Making our way out of Spain we stopped at a garage to refuel, as I delivered the gas Madam visited the kiosk to hand over our zobs. Five miles up the road and approaching the border, Madam enquired as to why I had only put five zobs worth of petrol into the car, to which I replied that I hadn't, the tank was full and would see us some way past the Millau viaduct. As gun toting border control guards beckoned the penny dropped that we were the unwitting perpetrators of a fuel heist. Madam had got her dos and tres mixed up, a week fishing on the Ebro had led to her carrying the air of a biker moll and the kiosk clippy had assumed she was the pillion passenger of the scooter being refilled at the neighbouring pump.

We sweated our way across the border, then hightailed it across France and under the channel to home, where the Picasso was on ebay within a week, lest Interpol make enquiries.

At which point I'd like to balance this guff out with some positives on the Picasso. The chap who lives next door to my parents drives for a living and obviously looks after his, because here's a short film of his Diesel Picasso passing half a million miles:



Top effort, and practical as it was, I don't think I could suffer the stabbing pain in my left buttock that only ever occurred when I drove our Picasso, but that may well be down to the curve of my booty and nowt to do with the car.

Which brings us to comfort, which I am now told (and beginning to understand) is important. I have been fortunate enough to drive some very nice cars owned by my employer. I have driven for five hours in the early hours to Southport with a flatulent greyhound in the boot and emerged refreshed and full of vim, ready for all that the day may hold. By contrast I have popped to the shops in some models that we owned when money was tight (it still is, by the way) and hobbled to the till.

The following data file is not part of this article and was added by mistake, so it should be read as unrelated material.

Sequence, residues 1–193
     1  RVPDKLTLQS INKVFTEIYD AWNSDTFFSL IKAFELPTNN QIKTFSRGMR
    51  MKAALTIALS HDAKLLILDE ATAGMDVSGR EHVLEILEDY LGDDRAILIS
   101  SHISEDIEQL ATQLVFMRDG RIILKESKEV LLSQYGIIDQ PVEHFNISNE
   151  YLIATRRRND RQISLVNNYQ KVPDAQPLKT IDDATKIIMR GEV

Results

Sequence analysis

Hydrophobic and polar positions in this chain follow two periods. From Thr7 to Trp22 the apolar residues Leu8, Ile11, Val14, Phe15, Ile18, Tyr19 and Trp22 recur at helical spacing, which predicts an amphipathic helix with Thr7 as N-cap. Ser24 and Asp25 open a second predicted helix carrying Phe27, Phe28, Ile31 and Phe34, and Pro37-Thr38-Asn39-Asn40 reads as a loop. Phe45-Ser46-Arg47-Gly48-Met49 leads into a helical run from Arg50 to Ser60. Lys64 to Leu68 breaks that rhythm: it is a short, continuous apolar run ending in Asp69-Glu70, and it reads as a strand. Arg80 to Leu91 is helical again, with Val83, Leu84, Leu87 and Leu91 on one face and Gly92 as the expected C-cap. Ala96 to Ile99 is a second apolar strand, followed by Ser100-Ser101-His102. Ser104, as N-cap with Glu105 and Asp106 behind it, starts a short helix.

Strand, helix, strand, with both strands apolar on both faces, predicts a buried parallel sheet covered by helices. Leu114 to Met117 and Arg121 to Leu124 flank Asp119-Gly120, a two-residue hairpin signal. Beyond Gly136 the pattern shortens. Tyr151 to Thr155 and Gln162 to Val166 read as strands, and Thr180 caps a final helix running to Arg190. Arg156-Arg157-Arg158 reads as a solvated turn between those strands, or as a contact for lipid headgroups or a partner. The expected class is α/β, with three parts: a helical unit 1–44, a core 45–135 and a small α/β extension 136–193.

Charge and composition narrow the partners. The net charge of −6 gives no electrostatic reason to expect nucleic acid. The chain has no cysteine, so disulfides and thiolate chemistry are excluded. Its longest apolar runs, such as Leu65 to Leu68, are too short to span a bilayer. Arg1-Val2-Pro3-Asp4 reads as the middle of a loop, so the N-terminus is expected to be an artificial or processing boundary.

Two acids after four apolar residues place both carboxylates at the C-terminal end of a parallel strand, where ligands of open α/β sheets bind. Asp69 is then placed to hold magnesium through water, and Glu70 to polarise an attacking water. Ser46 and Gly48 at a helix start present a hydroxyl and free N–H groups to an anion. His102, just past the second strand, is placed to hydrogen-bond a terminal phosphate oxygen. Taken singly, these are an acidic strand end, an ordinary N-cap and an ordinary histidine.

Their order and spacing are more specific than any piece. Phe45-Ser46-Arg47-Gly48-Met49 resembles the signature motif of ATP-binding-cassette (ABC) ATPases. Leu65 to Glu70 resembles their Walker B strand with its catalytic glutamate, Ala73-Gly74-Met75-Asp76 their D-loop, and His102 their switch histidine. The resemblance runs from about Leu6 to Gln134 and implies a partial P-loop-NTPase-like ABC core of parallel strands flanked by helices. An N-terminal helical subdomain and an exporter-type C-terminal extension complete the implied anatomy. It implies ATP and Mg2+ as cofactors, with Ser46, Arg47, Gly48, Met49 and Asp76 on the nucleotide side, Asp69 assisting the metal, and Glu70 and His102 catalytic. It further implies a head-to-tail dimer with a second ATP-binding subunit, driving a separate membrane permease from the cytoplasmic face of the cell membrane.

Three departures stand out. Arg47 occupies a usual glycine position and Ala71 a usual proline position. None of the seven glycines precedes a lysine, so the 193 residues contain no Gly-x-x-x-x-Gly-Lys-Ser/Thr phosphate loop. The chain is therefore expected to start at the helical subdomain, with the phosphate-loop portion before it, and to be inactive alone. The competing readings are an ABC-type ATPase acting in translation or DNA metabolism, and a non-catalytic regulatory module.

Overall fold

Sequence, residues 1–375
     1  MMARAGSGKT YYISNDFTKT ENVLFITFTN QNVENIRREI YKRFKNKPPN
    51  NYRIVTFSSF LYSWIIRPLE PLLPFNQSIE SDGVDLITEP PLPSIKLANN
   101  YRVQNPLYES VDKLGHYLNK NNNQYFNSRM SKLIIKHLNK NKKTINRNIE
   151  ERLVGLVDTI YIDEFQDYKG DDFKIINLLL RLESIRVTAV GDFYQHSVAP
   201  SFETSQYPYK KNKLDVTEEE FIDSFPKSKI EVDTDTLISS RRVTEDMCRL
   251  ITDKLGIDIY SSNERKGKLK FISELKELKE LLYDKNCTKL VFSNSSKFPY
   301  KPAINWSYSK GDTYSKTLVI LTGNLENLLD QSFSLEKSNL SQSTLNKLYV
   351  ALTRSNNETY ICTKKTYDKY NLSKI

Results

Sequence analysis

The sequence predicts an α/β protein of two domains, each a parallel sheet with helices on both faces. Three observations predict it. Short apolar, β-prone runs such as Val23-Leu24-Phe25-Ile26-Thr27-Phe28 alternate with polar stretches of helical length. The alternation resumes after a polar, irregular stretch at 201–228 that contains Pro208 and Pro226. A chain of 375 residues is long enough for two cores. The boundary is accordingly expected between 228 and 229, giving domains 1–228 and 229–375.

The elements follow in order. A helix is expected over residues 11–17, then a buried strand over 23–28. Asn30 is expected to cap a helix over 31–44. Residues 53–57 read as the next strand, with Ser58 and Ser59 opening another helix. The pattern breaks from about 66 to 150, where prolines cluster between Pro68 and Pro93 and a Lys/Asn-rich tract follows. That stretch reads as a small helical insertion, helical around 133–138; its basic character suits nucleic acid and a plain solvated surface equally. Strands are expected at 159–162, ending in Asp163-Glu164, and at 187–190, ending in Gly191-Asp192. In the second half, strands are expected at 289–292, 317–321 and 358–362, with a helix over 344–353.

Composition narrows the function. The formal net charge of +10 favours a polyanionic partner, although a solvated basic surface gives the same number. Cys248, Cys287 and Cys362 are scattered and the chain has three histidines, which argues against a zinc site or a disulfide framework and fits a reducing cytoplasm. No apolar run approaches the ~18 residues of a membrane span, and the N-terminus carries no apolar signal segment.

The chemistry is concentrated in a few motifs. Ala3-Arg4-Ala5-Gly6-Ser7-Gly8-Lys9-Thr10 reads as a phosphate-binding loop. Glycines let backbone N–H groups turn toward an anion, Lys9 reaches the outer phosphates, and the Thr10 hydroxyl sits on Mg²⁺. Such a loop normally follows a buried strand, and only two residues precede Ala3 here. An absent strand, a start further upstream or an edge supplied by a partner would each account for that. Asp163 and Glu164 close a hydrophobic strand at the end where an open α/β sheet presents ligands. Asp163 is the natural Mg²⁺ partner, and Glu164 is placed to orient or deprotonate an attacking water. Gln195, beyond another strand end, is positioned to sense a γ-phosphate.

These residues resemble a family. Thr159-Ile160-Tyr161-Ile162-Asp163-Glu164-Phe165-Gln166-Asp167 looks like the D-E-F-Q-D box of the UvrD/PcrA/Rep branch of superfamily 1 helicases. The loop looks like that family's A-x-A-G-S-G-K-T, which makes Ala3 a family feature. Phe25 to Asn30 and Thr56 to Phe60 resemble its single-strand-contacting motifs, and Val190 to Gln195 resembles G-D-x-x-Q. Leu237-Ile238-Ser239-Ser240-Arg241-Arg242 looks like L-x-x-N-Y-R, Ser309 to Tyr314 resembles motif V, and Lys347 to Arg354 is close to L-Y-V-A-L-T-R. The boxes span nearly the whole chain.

Comfort counts.

This all seems to be turning into a pitch for Clarkson's shoes, but to get to the point, Madam's point that comfort counts, sits well at the moment. The German thing was comfortable, half a day driving in any direction (often the wrong) was enjoyable, we took it to many corners of the continent and never had a doubt that we would get there or be in a crippled condition and no state to enjoy our new environs. No it wasn't so bad, it just didn't do fishing rods well, but hey ho!

Last week saw us braving the perils of the M25 in a squeaky Punto to parley with men of Kent over a similar motor. They had many many autos, a car supermarket I think they call it, and the deal was done in a day. Madam assures me that it will be just like the last one, bar the bills, but I'm not so sure, half way home it started talking to my mobile phone and outside the house it was intimate with Madam's phone. Chuck a tablet in the bag, and a cabal has been formed through the power of blue teeth that far outweighs the human input of clutch, brake and gear change operation. Some mats and some pots for growing herbs indoors on window sills have now turned up, it appears the car is ordering it's own accessories at Amazon.

It's clever stuff and baby steps towards driverless cars and I really like driving the thing, but issues remain over the carriage of fishing rods, so today a roof box and bars have been purloined to replace the roof box that is currently employed as a toboggan. The box is big enough to take a two piece carp rod and a fair amount of bait and has the added advantage of delivering an angler to a swim at a significant rate of knots,

Yes, with a little tweaking we can make this thing fit for fishing.

Just delivered Vino and the requested provender to Madam on the sofa and caught the warning on a TV show from across the pond that the following programme may contain scenes of an emotional nature,

emotional nature?

Violent and sexual, ok, you pays your money you takes your choice, but emotional?

Bonkers,

emote away

I'd prefer to be warned of the anodyne if I'm honest.